Wednesday, 8 December 2010
Cambridge University Machin Colour Trials of 1969 - Part 2
Part 1 is here.
The review of the colours was conducted by 39 female members of the Cambridge University Applied Psychology Unit's Research Panel. The members were asked to compare each of the 25 colors with itself and with the other 24 in a series of paired comparisons, making 325 in all. Half worked in daylight, the other half in white fluorescent light.
Each stamp pair was displayed for three-fourths of a second, with an interval of two seconds between pairs. The member wrote S (same) or D (different) for each pair and also indicated whether her judgment was certain, almost certain, fairly certain, not too sure, or guessing.
The number of errors in judging same or different was tallied, and the colours were ranked according to the number of errors in which each colour was involved.
The colour with the most errors was considered the most confusing, and it was eliminated. Further tests were then done with the remaining colours. (Incidentally, the most confusing colour was plum.)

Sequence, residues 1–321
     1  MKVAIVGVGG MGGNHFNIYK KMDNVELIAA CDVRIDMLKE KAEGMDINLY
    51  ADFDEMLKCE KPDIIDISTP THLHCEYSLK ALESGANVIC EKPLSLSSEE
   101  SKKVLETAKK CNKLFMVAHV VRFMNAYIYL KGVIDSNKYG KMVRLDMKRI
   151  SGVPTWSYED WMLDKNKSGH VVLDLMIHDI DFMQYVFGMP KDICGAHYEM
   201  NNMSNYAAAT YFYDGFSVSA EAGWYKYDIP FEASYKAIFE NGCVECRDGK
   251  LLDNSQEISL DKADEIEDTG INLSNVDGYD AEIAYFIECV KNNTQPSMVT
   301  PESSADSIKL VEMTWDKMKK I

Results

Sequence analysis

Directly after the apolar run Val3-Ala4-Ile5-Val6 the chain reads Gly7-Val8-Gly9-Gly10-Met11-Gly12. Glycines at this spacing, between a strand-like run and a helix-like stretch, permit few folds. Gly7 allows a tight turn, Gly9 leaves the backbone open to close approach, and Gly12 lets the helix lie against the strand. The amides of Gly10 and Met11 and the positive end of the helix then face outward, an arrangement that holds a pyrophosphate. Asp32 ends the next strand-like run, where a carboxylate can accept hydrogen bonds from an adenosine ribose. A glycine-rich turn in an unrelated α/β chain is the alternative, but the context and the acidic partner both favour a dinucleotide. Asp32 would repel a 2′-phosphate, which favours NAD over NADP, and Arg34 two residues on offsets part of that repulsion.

Eventually, the 11 most confusing colours were dropped, leaving 14, which was the number needed for the new decimal series. The 14 tended to be brighter hues, which were found to be less confusing. (The least confusing colour was red.)
Shown above is a portion of the final 14-colour scheme with each colour allocated to one of the decimal values. The complete set of 14 can be seen here. This recommendation was sent to Don Beaumont at the Post Office.
(Ultimately, only 12 values were in the initial set. The 4 1/2p and 8p were not issued until 1973.)
Note: Tony's research indicated that the Research Panel consisted of 39 women. However, the 1972 book Britain in Miniature, produced by the Post Office, indicates the testing was done by 26 women and ten postmen. More about Britain in Miniature soon.
(To be continued)